Telstra has ruled itself out of the race to acquire mobile and digital content rights for Australian cricket, "in a blow for the sport's hopes to attract a bidding war for the non-television portions of its rights," according to Mitchell Bingemann of THE AUSTRALIAN. Telstra Digital Media Head Mark Buckman said, "We've got no plans in the cricket space. We will always look at every opportunity as they present themselves if we think they are going to provide a compelling piece of content to our customers and if we think that we can make a business case out of it and make money out of it. But at this point we haven't got any plans to pursue anything with Cricket Australia in that respect." The confirmation of Telstra's exit from cricket bidding "comes as the telco giant last week announced a restructure of its digital media and IPTV division to simplify and align its operations, marketing and sales activities." It is believed the Ten Network is leading the race for the cricket rights with a bid of as much as A$350M ($367M) "to snare the television broadcast rights from incumbent Nine Entertainment." Nine, Ten, Seven West Media and Fox Sports Australia "are also in the running with bids." But with no clear bidder for mobile or online rights, "it is now possible the free-to-air TV broadcasters could also try to pick up the digital rights in a package deal with television broadcast content" (THE AUSTRALIAN, 4/15).
F1 CEO Bernie Ecclestone and pay-TV network Sky have "discussed distributing free set-top boxes," which are required for picking up the sport, in order to increase viewing figures, according to Sylt & Reid of the London EXPRESS. F1's U.K. viewing figures fell by 3.8 million to 28.6 million in '12 "despite Sky launching a dedicated F1 channel." Last year, "Sky snatched the exclusive rights to F1 away from the BBC." The move "caused uproar from fans" due to the £318 ($487.88) minimum annual cost of the Sky package showing F1. In response to criticism from fans, Ecclestone said, “I said [to Sky] you can guarantee that when you put a Sky box in the house, although it is only for F1, people are going to say ‘why can’t I watch the rest’ and they will sign up.” Sky declined to comment (EXPRESS, 4/14).
BSkyB has "launched a scathing attack on BT, telling its rival to stop complaining about being blocked from running its Premier League ads on Sky Sports channels and calling it a '£22bn gorilla in puppy's clothing,'" according to Mark Sweney of the London GUARDIAN. In the letter, BSkyB Corporate Affairs Dir Graham McWilliam said "BT's assertion earlier this week that it is 'happy to take Sky's advertising, but they seem afraid of taking ours' is wide of the mark." McWilliam: "BT advertises on Sky every month of the year and can promote its sports channels on all of our channels except Sky Sports. More pertinently, Sky is blacklisted by BT from advertising on the web portal aimed at its broadband customers." BSkyB said that "it is willing to run BT's multimillion-pound ad campaign promoting the launch of its sports channels, which includes promotion of its Premier League coverage, on its 100-plus other channels that it sells TV ad spots across." But the Sky Sports portfolio is out of bounds. McWilliam said, "This is perfectly reasonable given the billions that we have invested to build our brand." McWilliam added it would be like "Tesco being able to advertise inside Sainsbury's" if Sky were to allow BT to promote its Premier League coverage on its sports channels. McWilliam: "Before honing its soundbites or filing yet another complaint, this £22B ($33.75B) gorilla in puppy's clothing would do well to look at its own double standards" (GUARDIAN, 4/12).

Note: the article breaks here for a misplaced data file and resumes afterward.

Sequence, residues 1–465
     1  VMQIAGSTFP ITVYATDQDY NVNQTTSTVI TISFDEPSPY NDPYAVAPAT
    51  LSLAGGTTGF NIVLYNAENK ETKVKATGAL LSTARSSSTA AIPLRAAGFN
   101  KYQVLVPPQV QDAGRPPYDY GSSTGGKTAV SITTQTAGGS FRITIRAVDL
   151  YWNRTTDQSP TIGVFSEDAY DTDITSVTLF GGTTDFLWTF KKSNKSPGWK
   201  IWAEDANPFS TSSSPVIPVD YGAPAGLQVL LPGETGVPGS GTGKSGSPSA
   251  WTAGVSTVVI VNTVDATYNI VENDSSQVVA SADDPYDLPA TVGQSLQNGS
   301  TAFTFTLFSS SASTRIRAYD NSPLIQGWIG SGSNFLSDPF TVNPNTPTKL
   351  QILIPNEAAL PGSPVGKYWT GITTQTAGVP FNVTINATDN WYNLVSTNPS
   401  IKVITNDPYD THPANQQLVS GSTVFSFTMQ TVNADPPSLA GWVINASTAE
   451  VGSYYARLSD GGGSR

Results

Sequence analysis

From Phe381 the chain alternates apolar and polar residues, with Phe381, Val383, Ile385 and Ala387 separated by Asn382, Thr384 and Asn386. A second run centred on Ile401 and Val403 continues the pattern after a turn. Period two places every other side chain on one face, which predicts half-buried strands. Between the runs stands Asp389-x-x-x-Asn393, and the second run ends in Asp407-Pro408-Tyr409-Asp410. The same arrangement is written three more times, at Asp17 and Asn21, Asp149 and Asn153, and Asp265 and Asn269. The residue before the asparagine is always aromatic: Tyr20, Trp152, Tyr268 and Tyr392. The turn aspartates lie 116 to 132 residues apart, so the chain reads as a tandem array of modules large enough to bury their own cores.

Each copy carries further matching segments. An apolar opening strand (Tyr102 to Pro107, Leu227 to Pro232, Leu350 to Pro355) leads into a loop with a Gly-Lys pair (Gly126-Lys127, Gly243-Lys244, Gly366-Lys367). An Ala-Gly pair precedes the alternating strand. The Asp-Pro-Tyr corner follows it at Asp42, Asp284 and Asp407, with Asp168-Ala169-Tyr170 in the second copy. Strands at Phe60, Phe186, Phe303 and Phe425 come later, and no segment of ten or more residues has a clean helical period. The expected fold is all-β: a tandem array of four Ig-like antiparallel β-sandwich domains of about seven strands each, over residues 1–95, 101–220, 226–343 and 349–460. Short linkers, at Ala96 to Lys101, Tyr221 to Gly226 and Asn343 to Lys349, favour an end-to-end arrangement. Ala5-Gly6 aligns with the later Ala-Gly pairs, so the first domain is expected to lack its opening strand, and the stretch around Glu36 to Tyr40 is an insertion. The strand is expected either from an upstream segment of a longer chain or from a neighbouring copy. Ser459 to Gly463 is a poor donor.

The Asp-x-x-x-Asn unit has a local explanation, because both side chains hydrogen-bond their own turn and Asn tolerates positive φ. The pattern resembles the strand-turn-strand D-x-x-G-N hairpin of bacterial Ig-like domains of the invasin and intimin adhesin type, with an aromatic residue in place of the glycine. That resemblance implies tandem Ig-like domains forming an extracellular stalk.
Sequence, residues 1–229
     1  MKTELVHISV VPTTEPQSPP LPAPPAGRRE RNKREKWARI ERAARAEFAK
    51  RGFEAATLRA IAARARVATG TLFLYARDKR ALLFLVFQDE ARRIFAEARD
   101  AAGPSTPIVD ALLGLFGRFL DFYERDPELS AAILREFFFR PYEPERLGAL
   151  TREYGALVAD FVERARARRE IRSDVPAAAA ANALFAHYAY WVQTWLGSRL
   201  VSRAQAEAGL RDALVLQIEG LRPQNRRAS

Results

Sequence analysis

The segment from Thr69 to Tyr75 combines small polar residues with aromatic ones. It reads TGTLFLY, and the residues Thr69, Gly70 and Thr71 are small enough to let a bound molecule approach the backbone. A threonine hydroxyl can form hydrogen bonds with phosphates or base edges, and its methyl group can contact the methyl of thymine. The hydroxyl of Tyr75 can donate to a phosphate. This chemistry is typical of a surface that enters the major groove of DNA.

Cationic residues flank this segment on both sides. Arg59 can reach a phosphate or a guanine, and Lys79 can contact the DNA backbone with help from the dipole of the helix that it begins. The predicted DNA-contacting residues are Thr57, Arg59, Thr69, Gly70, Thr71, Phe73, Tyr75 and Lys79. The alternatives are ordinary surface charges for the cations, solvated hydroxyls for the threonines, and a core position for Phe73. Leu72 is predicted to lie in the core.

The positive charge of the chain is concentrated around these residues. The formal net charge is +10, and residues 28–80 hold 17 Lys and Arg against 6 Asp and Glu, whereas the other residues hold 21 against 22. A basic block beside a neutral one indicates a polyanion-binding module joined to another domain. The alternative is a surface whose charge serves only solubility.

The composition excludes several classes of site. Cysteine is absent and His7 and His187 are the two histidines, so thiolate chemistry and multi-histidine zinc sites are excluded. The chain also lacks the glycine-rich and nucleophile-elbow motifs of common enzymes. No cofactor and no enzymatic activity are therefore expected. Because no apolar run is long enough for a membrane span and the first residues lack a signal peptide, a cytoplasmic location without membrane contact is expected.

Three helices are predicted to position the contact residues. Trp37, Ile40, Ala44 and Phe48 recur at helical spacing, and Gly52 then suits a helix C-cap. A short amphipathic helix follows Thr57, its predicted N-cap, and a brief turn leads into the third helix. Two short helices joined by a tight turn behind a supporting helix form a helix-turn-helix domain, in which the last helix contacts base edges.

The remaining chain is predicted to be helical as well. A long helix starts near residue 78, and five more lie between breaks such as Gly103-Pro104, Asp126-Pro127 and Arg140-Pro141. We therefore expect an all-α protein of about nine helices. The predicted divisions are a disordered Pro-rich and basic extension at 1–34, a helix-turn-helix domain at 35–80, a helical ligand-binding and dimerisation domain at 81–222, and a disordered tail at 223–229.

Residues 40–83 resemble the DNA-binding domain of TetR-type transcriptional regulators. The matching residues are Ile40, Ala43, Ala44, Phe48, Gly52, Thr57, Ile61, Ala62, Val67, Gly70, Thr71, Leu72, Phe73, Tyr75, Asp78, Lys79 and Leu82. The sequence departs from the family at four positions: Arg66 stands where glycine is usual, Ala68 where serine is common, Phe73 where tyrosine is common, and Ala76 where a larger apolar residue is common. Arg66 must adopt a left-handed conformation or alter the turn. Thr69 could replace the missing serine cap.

In order to popularize archery in India, the World Archery Federation has "invited offers from Indian and sub-continental broadcasters for its world cup and world championship events" (THE HINDU, 4/13). ... Australia's Channel 7 and Royal Randwick "have been besieged with complaints" that Saturday's historic celebration of Black Caviar was "ruined by alleged footage of animal cruelty." Viewers "pointed to the peak audience moment" when Seven's mounted sports reporter Hamish McLachlan interviewed the great mare's jockey Luke Nolen while riding a horse named Snowy that was lame. Saturday's live race telecast of Black Caviar's superb sequence of 25 consecutive wins was watched by 1.127 million on Seven in Sydney (DAILY TELEGRAPH, 4/14).